I recently had a birthday and one of my favorite gifts was an American sycamore tree. Their distinct bark makes them one of the easiest trees to identify in the winter. Its smooth and nearly white towards the top of the trunk and on the branches with blotches of grey and sometimes rust colored bark speckling it further down the trunk. Its unique appearance makes sycamores one of my favorite trees.
The only problem with a birthday in the middle of December is that the weather doesn’t always make it an ideal time for planting trees. I got snow for my birthday and the ground froze, making it impossible to even consider planting my tree outdoors.
Fortunately, when trees can’t be planted outdoors before winter, there are steps you can take to ensure it survives in its container.
Maintaining the right temperature
Container-grown trees shouldn’t be left outdoors, above ground during the winter because the temperature of the potting mix may drop into single digits and damage their delicate root systems.
Container-grown trees also shouldn’t be kept in a heated space indoors because the tree should remain dormant throughout the winter until spring.
There are a couple overwintering options to protect the root system of your tree without bringing it out of a dormant state.
Bury the container
One way to overwinter container-grown trees is by burying the container in your garden outdoors. Dig a hole, set the pot in the hole and cover it with soil all the way around to keep the roots insulated throughout winter. Trees should be dormant before containers are set into the ground, however, the entire process should be completed before the soil freezes — no later then a few weeks after the first frost in the fall.
Containers can be removed from the soil in the spring when extreme winter temperatures have passed and the soil thaws — several weeks before the last frost date in the spring.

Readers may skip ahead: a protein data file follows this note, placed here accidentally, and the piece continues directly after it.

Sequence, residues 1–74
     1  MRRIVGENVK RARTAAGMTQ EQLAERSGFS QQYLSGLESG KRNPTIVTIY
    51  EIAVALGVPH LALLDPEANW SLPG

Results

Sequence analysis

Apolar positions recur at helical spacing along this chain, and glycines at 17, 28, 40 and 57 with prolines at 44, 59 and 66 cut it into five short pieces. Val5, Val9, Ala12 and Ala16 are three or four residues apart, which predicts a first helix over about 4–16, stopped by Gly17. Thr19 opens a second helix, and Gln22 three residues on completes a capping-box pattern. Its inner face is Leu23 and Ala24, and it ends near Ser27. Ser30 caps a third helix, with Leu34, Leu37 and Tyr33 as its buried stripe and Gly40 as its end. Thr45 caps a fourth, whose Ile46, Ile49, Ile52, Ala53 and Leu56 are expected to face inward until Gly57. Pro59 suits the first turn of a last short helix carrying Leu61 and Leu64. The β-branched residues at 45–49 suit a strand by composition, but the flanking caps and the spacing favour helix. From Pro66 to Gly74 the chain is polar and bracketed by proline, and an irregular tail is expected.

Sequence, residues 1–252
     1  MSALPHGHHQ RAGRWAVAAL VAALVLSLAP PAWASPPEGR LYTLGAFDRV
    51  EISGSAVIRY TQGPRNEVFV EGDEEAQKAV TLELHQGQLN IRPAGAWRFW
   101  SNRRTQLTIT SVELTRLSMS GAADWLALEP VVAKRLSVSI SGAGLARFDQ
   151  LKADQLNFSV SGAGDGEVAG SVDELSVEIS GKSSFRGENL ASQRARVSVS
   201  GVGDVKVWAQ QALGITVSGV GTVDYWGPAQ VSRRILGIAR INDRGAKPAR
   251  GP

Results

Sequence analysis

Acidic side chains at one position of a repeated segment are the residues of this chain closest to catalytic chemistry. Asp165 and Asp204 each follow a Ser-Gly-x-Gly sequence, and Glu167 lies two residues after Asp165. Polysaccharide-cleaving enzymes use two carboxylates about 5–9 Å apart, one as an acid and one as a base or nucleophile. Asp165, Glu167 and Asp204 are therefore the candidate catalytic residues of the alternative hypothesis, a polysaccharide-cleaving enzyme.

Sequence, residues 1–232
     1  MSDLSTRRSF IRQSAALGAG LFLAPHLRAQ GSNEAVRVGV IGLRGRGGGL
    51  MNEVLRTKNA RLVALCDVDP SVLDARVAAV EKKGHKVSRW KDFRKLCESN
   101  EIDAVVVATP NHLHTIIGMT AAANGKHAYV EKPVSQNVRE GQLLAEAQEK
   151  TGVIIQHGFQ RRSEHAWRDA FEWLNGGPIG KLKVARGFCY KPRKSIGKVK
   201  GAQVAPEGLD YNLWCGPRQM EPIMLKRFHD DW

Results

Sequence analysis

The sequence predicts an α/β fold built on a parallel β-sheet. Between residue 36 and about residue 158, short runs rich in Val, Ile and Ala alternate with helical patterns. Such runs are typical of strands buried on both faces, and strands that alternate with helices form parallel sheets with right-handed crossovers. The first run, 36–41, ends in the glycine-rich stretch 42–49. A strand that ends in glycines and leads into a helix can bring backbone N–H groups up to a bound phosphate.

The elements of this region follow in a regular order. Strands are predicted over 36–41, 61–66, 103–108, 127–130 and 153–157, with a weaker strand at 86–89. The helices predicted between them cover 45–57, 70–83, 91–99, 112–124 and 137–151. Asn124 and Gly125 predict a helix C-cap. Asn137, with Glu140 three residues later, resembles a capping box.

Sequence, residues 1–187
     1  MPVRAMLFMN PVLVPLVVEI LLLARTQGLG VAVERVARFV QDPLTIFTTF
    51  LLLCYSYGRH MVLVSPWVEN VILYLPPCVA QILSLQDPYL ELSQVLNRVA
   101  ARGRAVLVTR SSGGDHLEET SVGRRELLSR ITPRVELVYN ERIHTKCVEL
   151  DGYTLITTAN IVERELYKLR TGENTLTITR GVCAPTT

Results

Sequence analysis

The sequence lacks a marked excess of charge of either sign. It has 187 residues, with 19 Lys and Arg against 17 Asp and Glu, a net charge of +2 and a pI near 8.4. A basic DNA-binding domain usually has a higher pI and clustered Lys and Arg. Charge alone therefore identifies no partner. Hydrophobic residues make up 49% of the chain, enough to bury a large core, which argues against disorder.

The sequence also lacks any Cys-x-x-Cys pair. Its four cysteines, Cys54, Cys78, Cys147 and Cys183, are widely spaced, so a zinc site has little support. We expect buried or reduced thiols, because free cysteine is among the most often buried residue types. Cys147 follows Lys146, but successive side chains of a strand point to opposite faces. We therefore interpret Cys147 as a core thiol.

Buried container-grown trees will only need watered in the fall before the soil freezes and after it thaws in the spring. Supplemental watering isn’t necessary when the soil is frozen. Keep in mind that buried containers will require less watering than if they were above ground and overwatering can cause diseases.
Trees that are overwintered outdoors will need to be protected from hungry deer, rabbits and other animals throughout the winter. Chicken wire fencing can be used to create a barrier and protect your tree, but it needs to be tall enough to prevent access after a heavy snow. Tree wrap or plastic tree tubes can be used to prevent animals from stripping your tree’s bark.
Overwinter in an unheated garage
I couldn’t overwinter my tree using the first method because the ground was already frozen when I received it. Instead, I prepared it to be overwintered in an unheated garage.
Container-grown trees can be overwintered in a moderately-cold location where the temperature ranges from 20-45 F during the winter. These temperatures will keep the tree dormant until spring without damaging its root system.
An unattached, unheated garage is often an ideal location for maintaining the correct temperature range to overwinter a tree. If you’re concerned the temperature is varying more widely, monitor and adjust the temperature inside the structure as needed.
The tricky part about overwintering trees in this situation is monitoring and maintaining the moisture levels of the soil. Moisture levels should be checked often and the tree should be watered whenever necessary. In an unheated garage, your tree may need watered as frequently as once every two weeks when temperatures are above freezing. Again, it’s also important to avoid overwatering your tree. The soil should be kept moist, but not soggy.
STAY INFORMED. SIGN UP!
Up-to-date agriculture news in your inbox!